Redniss’s “Note on the Art” describes her media: copper plate photogravure etchings and photopolymer process prints, hand-colored, and a few drawings in oil pastel. She comments on the artistic tradition that inspired her: artist/scientists whose devotion to precision and accuracy have historically paired with “a sensation of strangeness, wonder, terror.” Her work is certainly worthy of that tradition; drawings of wildfires recall Picasso’s Guernica, and the chapter entitled “Sky” contains only striking illustrations and no text. These drawings are both otherworldly and very much of our world.

Redniss’s text, based on scientific research and cultural traditions, riffs on weather phenomena rather than offering a comprehensive study. Her chapters cover conditions (cold, rain, heat, fog) as well as concepts (dominion, war, profit), and span the planet and various peoples throughout history. She considers weather that has been blamed on witches or credited to gods; the use of cloud seeding as a weapon by the United States against Vietnam; and weather derivatives and insurance. Redniss’s subjects are quirky and entertaining; her chapter “Forecast” is as concerned with the Old Farmer’s Almanac as with the National Oceanic and Atmospheric Administration. That tone of marvel and whimsy, plus exquisite illustrations, make Thunder & Lightning both remarkably beautiful and pleasingly informative.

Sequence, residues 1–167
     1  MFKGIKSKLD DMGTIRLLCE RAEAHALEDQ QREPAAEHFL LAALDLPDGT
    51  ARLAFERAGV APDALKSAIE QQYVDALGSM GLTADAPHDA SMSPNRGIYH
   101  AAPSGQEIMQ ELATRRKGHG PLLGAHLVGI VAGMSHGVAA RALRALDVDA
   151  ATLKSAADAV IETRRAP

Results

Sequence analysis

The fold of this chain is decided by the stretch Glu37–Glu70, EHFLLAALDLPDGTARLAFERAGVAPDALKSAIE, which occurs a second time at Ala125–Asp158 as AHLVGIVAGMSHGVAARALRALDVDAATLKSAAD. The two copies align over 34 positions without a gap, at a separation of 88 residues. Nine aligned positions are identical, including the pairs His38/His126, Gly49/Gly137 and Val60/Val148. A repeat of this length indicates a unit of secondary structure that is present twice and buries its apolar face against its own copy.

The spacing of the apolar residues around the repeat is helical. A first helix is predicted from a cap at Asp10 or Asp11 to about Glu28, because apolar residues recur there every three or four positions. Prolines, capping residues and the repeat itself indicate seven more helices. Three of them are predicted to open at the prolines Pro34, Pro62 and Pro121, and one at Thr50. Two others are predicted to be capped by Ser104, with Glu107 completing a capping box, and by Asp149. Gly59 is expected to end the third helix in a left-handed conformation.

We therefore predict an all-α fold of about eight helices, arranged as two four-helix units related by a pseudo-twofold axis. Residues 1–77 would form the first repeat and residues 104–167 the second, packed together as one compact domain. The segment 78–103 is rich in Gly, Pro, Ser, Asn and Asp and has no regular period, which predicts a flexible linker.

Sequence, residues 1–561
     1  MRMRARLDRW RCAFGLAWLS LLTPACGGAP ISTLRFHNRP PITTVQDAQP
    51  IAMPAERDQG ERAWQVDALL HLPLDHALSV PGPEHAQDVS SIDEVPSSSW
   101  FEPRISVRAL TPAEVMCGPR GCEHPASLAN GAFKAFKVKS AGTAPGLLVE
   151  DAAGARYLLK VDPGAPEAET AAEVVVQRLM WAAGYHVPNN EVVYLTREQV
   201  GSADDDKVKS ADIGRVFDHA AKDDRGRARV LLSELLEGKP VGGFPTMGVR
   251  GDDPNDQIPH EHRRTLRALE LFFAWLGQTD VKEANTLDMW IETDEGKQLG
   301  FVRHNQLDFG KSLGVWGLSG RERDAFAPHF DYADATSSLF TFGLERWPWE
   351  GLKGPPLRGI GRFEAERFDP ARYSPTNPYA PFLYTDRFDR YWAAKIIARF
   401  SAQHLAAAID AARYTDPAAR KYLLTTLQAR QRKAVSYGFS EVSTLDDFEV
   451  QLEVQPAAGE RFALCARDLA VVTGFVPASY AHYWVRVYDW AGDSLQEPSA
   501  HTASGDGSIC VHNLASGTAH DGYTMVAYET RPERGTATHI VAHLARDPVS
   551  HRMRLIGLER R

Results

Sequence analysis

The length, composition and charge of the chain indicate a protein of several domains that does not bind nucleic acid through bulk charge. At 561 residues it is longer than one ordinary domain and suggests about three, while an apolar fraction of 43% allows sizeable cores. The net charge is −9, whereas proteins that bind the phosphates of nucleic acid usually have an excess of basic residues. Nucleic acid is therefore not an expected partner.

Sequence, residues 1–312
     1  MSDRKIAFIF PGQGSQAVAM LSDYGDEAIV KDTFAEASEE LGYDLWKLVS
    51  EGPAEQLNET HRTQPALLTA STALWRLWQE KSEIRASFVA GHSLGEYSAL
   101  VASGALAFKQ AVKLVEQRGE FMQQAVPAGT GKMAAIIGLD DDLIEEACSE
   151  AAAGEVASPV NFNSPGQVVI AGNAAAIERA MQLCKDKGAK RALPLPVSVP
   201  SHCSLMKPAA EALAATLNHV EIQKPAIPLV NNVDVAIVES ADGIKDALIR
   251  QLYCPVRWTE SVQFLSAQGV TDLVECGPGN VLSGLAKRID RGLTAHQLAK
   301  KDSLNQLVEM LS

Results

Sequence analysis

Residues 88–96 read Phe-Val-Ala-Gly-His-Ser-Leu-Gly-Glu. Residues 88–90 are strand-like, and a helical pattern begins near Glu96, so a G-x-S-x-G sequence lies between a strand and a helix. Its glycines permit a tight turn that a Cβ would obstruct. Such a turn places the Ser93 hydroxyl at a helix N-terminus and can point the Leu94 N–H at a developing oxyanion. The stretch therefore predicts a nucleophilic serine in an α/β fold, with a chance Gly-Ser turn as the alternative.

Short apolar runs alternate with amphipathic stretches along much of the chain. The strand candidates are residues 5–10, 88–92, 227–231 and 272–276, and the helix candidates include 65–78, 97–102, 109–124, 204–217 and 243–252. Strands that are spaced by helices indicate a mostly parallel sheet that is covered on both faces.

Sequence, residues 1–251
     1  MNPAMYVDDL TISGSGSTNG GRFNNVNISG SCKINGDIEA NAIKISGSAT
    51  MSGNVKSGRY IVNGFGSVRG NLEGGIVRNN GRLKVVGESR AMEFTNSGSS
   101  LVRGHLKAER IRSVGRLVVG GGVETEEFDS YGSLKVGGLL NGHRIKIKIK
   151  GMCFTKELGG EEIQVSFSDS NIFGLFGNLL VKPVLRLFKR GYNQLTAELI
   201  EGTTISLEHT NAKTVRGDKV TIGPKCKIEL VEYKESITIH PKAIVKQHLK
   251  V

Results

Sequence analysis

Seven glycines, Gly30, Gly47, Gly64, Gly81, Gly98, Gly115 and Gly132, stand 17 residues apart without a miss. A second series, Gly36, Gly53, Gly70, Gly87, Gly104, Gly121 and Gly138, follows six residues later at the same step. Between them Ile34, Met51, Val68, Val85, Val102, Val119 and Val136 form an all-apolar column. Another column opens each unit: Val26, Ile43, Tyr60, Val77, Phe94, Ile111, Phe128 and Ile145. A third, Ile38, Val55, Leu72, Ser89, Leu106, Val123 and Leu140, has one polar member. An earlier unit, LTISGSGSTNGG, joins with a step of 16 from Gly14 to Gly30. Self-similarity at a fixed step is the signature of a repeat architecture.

This review originally ran in the November 10, 2015 issue of Shelf Awareness for Readers. To subscribe, click here, and you’ll receive two issues per week of book reviews and other bookish fun!


Rating: 8 gorgeous interpretive hand-colored prints.

A is for Arsenic: The Poisons of Agatha Christie by Kathryn Harkup

A comprehensible survey of poisons and a celebration of the Queen of Crime.

a is for arsenic

Chemist Kathryn Harkup combines her scientific expertise and love of a good mystery in her first book, A Is for Arsenic: The Poisons of Agatha Christie. B is for belladonna, and C is for cyanide, as Harkup works her way through 14 mysteries and 14 discrete poisons, with meticulous and informed explanations of the science behind each toxin’s effects (an appendix contains chemical structures). Each chapter also details famous real-life cases involving these deadly substances, including those that might have inspired–or been inspired by–Christie’s work, and analyses of how accurately the Queen of Crime represented the science within her stories. Generally the renowned writer does very well: as Harkup explains, Christie worked as a volunteer nurse in World War I and showed such aptitude that she was encouraged to continue her education and training as a pharmacist. By the Second World War, her work as a dispenser left her ample time to pursue her other profession, writing bestselling stories and novels.